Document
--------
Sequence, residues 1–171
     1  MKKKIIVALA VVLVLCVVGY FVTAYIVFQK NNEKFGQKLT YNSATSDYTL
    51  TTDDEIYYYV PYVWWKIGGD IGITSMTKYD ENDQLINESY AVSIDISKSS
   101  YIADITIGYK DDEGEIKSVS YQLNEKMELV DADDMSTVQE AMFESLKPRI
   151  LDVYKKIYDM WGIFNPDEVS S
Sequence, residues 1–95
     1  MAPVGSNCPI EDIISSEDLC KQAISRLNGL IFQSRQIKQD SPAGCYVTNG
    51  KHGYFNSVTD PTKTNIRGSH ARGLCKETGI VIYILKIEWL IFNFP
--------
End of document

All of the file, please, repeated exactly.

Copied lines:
Sequence, residues 1–171
     1  MKKKIIVALA VVLVLCVVGY FVTAYIVFQK NNEKFGQKLT YNSATSDYTL
    51  TTDDEIYYYV PYVWWKIGGD IGITSMTKYD ENDQLINESY AVSIDISKSS
   101  YIADITIGYK DDEGEIKSVS YQLNEKMELV DADDMSTVQE AMFESLKPRI
   151  LDVYKKIYDM WGIFNPDEVS S
Sequence, residues 1–95
     1  MAPVGSNCPI EDIISSEDLC KQAISRLNGL IFQSRQIKQD SPAGCYVTNG
    51  KHGYFNSVTD PTKTNIRGSH ARGLCKETGI VIYILKIEWL IFNFP